Will the pandemic’s impact spur a shift in what’s considered socially acceptable that extends beyond mask wearing to other forms of social accountability? The Corruption, Justice & Legitimacy Program has partnered with Accountability Lab’s Integrity Icon program to understand how best to effectively monitor and evaluate change in social norms related to corruption. A grey literature scan on reveals limited resources available on data collection methods, monitoring approaches, and diagnostic tools re these norms. Are they missing anything? Contribute other resources to this initiative. Also, explore the unintended consequence of anti-corruption messaging in Nigeria and why some of these messages may encourage apathy and acceptance of corruption rather than inspire activism.

In Brazil, Claudio Ferraz, Frederico Finan, and Monica Martinez-Bravo find that policies passed during the military dictatorship ultimately resulted in greater local political competition, which yielded better governance, more public goods, and higher income levels by the 2000s. Makes for an intriguing read.

Measurable progress?

Photo via The Change Kit

Transparency for development data is critical, both for donors and aid recipients.  The 2020 Aid transparency index shows some improvements on this front, but there is still a need for greater involvement of aid recipients in this conversation.  Could greater data transparency help get the Sustainable Development Goals back on track? Justin Moore argues that accurate data on actions that impact the SDGs are key to monitoring their progress. Example data gaps include “transparency of loans to governments, progress on returning stolen assets, multinational corporation tax payments and environmental performance.” 

Ryan Panchadsaram calls for more open access to COVID-19 data in the United States, where better data could lead to a smoother recovery.

Each locality is having to find its own path through this crisis. Curious to learn how to find, deconstruct and get involved in your city’s budget process? Ariel Aberg-Riger presents an illustrated guide to understanding your city budget, why city budgets can be hard to understand, steps to becoming a better budget advocate, and how visualizing city budgets is one of many steps towards a truly accessible budget.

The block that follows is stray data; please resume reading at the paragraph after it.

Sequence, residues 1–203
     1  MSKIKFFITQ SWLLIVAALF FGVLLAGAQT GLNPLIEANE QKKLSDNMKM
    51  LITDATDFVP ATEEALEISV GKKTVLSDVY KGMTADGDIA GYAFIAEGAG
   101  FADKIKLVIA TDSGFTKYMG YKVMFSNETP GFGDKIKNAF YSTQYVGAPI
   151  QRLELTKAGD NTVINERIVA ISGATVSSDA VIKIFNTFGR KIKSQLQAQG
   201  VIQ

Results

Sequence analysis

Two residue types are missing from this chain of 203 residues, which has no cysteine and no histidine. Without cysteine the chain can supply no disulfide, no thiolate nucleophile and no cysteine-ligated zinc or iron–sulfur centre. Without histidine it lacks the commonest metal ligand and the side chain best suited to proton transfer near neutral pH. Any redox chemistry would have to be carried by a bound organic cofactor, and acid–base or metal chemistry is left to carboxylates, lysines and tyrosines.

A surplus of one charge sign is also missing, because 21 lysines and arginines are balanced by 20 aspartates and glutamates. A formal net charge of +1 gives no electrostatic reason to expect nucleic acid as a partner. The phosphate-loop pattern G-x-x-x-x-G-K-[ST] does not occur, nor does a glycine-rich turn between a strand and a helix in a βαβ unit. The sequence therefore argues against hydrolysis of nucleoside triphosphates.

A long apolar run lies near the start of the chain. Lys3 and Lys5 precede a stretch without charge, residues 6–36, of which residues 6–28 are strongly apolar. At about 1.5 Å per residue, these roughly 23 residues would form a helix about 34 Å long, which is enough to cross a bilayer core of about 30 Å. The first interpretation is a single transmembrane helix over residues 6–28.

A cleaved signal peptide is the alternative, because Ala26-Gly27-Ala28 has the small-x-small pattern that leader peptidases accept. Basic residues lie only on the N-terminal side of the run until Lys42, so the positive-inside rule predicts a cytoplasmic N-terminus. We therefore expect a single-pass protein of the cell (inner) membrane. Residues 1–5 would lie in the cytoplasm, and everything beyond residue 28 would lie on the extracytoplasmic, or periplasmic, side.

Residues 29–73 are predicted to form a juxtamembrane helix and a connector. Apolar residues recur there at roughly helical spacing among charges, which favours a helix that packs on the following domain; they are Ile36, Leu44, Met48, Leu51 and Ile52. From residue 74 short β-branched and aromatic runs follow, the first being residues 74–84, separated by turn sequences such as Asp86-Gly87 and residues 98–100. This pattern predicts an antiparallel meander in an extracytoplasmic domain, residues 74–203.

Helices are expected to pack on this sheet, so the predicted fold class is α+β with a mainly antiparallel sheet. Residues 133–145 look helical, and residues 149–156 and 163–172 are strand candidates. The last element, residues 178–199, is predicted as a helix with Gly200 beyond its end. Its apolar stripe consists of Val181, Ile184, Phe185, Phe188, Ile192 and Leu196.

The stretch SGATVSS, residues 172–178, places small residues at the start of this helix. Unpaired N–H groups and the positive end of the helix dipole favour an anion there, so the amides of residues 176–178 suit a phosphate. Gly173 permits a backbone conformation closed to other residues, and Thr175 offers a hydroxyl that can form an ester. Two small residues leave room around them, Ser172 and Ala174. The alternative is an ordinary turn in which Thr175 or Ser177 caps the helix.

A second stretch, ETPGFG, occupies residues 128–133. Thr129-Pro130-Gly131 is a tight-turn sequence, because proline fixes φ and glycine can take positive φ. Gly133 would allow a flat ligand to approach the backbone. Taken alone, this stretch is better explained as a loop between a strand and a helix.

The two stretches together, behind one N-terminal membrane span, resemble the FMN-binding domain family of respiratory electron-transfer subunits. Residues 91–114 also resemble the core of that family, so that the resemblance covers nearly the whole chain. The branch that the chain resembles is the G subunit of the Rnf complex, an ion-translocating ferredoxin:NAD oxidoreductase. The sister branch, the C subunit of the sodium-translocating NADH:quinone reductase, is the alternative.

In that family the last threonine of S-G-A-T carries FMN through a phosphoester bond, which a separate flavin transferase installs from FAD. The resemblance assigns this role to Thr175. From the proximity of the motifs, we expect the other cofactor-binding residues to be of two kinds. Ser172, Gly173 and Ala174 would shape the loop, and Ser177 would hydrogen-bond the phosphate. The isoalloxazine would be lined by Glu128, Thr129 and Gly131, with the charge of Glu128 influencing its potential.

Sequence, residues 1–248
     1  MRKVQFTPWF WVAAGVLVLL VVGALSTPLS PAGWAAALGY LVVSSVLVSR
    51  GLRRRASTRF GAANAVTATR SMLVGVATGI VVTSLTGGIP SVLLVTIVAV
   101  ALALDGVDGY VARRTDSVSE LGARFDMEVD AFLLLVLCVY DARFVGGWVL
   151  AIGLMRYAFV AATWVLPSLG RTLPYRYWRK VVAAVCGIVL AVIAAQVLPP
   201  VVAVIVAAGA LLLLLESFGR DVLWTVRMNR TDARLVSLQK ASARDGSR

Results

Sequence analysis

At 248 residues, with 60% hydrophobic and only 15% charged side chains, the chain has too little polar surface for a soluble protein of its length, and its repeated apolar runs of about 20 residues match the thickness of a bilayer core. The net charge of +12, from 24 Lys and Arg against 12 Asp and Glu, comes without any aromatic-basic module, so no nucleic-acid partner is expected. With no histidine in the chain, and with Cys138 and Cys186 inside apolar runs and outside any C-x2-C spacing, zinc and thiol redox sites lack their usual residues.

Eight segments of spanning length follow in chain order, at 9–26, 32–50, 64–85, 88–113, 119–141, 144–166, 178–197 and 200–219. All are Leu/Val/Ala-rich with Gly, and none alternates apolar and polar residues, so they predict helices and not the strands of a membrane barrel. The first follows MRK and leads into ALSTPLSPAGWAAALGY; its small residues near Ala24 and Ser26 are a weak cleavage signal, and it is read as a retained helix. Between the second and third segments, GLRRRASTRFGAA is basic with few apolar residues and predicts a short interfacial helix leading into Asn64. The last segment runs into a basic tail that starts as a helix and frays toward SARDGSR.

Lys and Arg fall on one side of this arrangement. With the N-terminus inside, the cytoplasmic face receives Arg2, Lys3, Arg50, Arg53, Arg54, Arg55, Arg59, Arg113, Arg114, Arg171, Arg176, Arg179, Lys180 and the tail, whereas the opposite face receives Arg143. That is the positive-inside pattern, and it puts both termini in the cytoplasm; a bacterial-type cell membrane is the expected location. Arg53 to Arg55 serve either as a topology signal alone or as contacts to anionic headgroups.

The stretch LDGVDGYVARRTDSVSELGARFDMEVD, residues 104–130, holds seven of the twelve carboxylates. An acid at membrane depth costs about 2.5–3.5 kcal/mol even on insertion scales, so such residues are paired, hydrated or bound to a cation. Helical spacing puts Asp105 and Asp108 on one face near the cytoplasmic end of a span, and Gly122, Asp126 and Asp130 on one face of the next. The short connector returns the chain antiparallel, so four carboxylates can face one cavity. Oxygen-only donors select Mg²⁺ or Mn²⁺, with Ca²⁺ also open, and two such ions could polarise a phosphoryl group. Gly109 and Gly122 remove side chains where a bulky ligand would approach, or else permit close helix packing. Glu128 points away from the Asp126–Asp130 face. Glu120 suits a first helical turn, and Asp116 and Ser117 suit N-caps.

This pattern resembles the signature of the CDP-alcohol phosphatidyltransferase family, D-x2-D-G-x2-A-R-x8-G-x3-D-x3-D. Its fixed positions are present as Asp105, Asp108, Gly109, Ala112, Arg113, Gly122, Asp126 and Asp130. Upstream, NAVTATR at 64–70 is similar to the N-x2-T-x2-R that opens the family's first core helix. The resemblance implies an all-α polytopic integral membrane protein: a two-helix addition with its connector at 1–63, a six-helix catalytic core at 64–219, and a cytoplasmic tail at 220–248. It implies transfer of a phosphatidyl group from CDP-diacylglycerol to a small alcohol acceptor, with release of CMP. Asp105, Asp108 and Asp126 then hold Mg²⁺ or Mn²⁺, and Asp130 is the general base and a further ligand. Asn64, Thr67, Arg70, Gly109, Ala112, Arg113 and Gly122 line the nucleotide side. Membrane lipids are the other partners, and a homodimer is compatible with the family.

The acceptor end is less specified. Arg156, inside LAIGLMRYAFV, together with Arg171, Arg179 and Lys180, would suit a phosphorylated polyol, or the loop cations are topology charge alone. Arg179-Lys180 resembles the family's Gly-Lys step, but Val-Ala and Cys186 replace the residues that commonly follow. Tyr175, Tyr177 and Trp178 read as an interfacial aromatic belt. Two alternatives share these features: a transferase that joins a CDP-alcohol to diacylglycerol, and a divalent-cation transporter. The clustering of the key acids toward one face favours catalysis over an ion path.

Of course, with greater access to data and technology tools often comes risk. This week’s RightsCon conversations should offer the chance to dig into these trade-offs in more detail. For those interested in building responsible technologies and understanding the potential social impacts of their products, this free Ethical Explorer data tool can be a place to start. Amid great power rivalry on tech and data, Rana Faroohar spots an opportunity for the EU to push for an EU-US digital privacy agreement, digital tax deal and an independent bureau to address competition and transparency issues.

Money matters

Government data transparency is not just a public good — it can defend our societies against a variety of very real risks.  The $2bn Wirecard fraud scandal is having real repercussions for Germany’s financial sector and economic reputation.  Shell companies and a lack of company ownership transparency helped perpetuate the fraud and Thom Townsend and Jack Lord call on governments to mandate the publication of data on company ownership information in all jurisdictions.  One country already listening is Argentina. The country is finally taking steps to track money sent offshore, which accounts for roughly 40 percent of the country’s $450 billion GDP – thanks to the new beneficial ownership registry.